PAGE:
I’m spending a couple of days in Thailand at Huawei’s Asian Innovation Day. That’s somewhat ironic since this morning the New York Times ran a story about Facebook offering deep user access to four Chinese vendors, including Huawei. I have no financial relationship with Huawei but have spent a few years watching the company and have opined previously about the weird posture that the US government takes when it comes to the Chinese company. As the Times told it:

Facebook has data-sharing partnerships with at least four Chinese electronics companies, including a manufacturing giant that has a close relationship with China’s government, the social media company said on Tuesday. The agreements, which date to at least 2010, gave private access to some user data to Huawei, a telecommunications equipment company that has been flagged by American intelligence officials as a national security threat, as well as to Lenovo, Oppo and TCL.

Apart from the fact that it is somewhat inflammatory to describe a company like Huawei in this way, as a colleague of mine, who spends his life shuttling around the world doing telecommunications consulting responded to me:

The @nytimes headline referring to @Huawei as “A Chinese Firm Flagged by U.S. Intelligence” and not just “Huawei” or maybe “the largest telecoms equipment manufacturer in the world” was a shocker.

Why does Facebook share data?

It might come as a shock to the New York Times’ writers, but Facebook has these sort of relationships with all hardware manufacturers. Not to allow them to take all your data and sell it to the highest bidder, but rather to offer users the best user experience possible. The handset business is a cutthroat one, especially given the fact that one of the biggest mobile operating systems (Android) is open source and hence available to all.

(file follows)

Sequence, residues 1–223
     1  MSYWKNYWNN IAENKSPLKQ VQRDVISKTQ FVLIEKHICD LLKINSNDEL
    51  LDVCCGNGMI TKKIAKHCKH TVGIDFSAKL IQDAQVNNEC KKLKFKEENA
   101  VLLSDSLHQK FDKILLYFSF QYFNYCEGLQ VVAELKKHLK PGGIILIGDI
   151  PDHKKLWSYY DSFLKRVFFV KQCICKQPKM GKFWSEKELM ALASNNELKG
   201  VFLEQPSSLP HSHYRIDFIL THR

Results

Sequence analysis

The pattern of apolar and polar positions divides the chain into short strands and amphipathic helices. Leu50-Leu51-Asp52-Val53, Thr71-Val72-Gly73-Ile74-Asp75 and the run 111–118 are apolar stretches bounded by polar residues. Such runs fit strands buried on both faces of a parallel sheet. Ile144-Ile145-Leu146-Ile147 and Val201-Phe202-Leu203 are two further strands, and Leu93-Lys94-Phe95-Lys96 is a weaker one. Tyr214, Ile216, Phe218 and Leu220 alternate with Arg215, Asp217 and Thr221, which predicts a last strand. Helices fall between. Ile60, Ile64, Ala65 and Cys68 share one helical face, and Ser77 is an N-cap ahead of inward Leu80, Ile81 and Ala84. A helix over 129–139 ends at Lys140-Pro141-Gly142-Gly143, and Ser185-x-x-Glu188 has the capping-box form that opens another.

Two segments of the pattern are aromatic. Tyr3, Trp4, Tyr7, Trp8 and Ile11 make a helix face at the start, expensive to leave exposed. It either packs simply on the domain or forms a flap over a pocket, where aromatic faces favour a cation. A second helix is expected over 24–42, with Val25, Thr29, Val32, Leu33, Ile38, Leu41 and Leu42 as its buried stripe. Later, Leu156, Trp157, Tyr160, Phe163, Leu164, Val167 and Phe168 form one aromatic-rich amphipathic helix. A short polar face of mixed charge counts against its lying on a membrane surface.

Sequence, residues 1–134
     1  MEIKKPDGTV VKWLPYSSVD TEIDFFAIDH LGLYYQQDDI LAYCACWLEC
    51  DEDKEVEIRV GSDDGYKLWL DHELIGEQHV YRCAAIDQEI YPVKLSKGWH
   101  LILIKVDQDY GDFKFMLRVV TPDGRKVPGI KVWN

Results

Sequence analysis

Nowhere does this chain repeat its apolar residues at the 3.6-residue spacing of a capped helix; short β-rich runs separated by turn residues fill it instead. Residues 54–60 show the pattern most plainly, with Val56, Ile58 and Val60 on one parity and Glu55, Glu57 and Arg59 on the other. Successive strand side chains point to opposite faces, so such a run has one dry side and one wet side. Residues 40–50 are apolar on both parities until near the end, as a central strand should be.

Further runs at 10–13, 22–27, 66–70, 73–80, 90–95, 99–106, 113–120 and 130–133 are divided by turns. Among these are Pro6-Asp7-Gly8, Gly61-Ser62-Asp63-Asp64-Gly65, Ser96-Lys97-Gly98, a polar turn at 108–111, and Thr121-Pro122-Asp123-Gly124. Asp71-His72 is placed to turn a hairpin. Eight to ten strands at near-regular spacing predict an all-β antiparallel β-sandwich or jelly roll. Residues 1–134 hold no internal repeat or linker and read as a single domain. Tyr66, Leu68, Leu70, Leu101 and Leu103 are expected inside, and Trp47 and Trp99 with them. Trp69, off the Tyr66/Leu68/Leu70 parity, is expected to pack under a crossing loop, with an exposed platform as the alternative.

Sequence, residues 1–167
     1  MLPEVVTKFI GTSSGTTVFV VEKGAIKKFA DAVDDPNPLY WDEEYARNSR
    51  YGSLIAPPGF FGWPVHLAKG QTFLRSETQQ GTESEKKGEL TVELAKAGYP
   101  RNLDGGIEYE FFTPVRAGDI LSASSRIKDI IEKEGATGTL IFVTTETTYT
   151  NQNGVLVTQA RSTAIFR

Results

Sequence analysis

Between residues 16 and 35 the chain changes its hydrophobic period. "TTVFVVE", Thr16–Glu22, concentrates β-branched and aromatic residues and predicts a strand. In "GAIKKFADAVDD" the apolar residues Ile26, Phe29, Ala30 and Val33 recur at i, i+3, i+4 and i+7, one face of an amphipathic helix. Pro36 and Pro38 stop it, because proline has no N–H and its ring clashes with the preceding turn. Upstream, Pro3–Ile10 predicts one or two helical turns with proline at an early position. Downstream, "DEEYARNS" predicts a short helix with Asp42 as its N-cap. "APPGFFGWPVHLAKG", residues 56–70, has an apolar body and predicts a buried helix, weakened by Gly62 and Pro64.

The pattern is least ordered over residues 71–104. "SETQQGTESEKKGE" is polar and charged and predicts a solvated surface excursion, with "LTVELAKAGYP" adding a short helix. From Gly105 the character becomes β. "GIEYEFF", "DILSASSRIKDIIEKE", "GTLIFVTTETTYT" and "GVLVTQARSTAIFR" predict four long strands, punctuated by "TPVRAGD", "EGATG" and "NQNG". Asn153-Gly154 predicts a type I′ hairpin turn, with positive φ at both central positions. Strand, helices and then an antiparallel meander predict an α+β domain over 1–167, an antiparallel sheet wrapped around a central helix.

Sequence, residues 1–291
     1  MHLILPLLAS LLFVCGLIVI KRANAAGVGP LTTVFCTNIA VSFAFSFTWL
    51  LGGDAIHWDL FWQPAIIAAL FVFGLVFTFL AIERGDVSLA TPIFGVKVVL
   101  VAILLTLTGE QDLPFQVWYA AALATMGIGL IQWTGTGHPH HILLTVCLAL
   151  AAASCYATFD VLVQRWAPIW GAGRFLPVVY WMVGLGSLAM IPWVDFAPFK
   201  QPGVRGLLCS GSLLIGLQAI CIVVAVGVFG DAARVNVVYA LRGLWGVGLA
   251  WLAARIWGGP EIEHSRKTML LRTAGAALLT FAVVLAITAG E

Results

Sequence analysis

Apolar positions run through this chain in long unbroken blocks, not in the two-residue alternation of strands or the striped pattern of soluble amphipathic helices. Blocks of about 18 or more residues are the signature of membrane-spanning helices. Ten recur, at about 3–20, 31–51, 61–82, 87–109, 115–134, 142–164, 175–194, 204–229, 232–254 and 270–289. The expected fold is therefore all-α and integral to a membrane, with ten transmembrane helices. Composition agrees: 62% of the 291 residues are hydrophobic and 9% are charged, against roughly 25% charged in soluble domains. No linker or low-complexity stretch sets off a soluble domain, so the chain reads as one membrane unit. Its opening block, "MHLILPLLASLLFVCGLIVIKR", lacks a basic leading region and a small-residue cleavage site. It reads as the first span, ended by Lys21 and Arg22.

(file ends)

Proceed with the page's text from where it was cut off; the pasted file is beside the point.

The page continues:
Every handset manufacturer tries to find ways to tailor their system to increase “stickiness.” While most of you will think of all of those Android customizations that Samsung, Huawei, and others do as something of a pain, what they’re trying to do is increase the “stickiness” – that is the chances that a user will grow attached to that manufacturer’s particular flavor of device and, when the inevitable upgrade cycle occurs, be more likely to buy the same make of device.

So, what they do is take different streams of data about the user and use that data to customize the experience. As I explained in a series of tweets:

Fascinating to be attending a @Huawei event the day the @nytimes breaks a story about @facebook giving four Chinese companies (including Huawei) access to an extensive API. Obviously, in the days of Cambridge Analytica and Kogen, the perception here isn’t good but look beyond the media headline, people, these are device makers that are able to offer a point of differentiation by giving users a deeper than normal level of experience and personalization. They do this by customizing the device to a particular user. To do that requires data. And so, of course, they leverage access to deep APIs to provide that integration. However, conflating that reality into some sort of “this company is spying on us and selling all the things to the Chinese government” is unhelpful and a conspiracy that is unhelpful to all concerned. The public needs to actually understand the issues and these knee-jerk proclamations don’t help build that level of understanding.